Nigeria has been in the news often because of violent attacks and bomb explosions. In the period surrounding the presidential elections of May 2011 about a thousand people died. The progress of the eye care program of NLR and the schools of the International Council of Ophthalmology (ICO) in north-eastern Nigeria were affected. In the south, where CBR Effata has an eye care program, the situation was calm.
Over a million people in Nigeria are blind. The prevalence of blindness is highest in the north-east. This is due to the limited medical facilities for eye defects, but also to treatment of cataracts and other eye problems by traditional doctors. In 2011, the national eye care program of the Federal Ministry of Health proved to be ineffective. Much depends on the six non-profit organisations that operate in Nigeria. The major challenge in Nigeria is to improve the quality of eye care, to increase the quantity of treatments applied, and to contribute to a system of sustainable eye care.
In 2011, programmes of three partner organisations were supported, namely CBR Effata, the International Council of Ophthalmology (ICO) through the local implementing organization, Jos University Teaching Hospital (JUTH), and the Leprosy Foundation in Nigeria (NLR). In total 5,815 consultations and 522 cataract operations were performed. The eye care programme of CBR Effata, built on years of experience, has maintained its good reputation, while NLR started a new multi-annual programme with the government in the states of Gombe, Bauchi and Adamawa. Both are aimed at acceleration of identification, referral and treatment. Over 100 health workers and 30 traditional doctors were trained. NLR has also held talks with local governments to come to agreements about making a financial contribution for eye surgery.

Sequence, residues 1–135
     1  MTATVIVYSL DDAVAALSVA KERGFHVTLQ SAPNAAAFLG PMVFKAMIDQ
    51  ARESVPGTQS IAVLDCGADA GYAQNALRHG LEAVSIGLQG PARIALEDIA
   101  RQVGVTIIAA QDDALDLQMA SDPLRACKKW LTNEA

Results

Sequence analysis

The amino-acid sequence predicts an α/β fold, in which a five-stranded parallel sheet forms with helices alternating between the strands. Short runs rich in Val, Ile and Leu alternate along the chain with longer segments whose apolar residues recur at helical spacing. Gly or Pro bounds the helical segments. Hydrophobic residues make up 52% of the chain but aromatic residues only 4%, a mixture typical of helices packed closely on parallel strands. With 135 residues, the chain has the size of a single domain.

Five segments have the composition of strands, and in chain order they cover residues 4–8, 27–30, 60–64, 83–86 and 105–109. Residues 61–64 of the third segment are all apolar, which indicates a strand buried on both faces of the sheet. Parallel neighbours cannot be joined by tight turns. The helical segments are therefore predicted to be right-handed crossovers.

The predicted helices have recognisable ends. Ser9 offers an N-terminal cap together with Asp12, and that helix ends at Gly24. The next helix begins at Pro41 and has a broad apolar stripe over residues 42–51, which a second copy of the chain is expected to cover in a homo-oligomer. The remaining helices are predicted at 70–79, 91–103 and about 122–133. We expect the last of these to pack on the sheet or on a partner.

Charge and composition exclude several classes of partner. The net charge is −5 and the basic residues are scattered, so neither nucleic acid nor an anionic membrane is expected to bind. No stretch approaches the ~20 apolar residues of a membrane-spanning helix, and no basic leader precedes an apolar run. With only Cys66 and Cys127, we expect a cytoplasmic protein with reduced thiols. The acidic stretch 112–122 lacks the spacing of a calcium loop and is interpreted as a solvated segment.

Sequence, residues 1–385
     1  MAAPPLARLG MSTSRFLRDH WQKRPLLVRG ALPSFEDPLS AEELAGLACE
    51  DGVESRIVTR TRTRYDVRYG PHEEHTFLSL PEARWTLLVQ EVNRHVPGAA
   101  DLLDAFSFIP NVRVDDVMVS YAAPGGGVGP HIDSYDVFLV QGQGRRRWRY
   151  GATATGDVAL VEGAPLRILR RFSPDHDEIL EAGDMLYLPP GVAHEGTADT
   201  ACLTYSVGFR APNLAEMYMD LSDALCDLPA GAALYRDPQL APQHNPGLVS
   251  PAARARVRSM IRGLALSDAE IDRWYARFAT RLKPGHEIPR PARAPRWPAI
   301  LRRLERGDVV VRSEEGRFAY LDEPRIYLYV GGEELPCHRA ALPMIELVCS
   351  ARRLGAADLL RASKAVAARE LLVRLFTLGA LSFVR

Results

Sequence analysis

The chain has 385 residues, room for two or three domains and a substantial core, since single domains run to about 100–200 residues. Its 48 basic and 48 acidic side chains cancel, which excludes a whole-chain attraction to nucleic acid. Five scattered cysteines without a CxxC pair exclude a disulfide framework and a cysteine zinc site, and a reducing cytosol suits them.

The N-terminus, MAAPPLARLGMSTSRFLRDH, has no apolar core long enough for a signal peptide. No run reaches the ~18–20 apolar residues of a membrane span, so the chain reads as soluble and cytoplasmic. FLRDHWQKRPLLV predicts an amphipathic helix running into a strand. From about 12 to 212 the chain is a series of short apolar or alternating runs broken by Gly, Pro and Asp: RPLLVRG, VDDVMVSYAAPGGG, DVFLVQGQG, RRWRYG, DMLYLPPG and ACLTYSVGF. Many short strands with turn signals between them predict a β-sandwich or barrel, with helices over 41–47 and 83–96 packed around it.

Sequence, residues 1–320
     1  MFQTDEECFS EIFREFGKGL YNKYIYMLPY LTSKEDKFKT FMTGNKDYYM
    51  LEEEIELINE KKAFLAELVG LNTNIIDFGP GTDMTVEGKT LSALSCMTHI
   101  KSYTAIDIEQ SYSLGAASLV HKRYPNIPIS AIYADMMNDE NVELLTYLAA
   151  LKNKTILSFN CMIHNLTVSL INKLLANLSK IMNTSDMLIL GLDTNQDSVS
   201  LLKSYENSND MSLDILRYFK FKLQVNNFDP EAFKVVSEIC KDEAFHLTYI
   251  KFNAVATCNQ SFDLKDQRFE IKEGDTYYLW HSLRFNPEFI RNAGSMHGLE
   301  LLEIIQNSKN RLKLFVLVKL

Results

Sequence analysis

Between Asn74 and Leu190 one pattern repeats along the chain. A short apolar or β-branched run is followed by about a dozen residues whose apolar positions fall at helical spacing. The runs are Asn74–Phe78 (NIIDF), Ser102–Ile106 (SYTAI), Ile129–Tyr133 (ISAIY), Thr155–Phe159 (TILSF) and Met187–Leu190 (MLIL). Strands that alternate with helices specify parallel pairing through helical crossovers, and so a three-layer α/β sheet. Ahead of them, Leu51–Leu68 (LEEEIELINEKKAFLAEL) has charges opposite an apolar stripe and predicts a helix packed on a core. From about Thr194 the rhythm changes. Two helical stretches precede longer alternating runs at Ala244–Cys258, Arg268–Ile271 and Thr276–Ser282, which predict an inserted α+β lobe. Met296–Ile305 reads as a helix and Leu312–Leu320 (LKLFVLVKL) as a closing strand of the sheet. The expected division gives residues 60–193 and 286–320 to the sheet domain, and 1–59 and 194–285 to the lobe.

2011 was the second year of the schools project of ICO to carry out eye tests in primary schools and train teachers to detect eye problems in children in Plateau state. Last year, 9,267 children and 635 teachers in 68 schools were screened for eye problems. A total of 9,971 children and adults participated in health education aimed at preventing eye problems.
In autumn, the programme coordinator visited Nigeria. The emphasis was on the operational management of projects, organizational development, and collaboration of partners and innovation in the programmes, including the training of traditional healers in eye care.
Continuing insecurity in Nigeria negatively affects the progress of the programmes because the mobility of partners is limited. At some schools, eye tests and monitoring visits were cancelled or postponed. Because of the local elections at the end of 2011, agreements between NLR and the government have not yet been formalized. These factors are beyond the control of the foundation, but have direct influence on the programmes and the daily life of Nigerians.
Attention will be given to strengthening the monitoring of the eye care programme of NLR. In addition, further discussion with the management of CBR Effata will take place about future plans and local fundraising.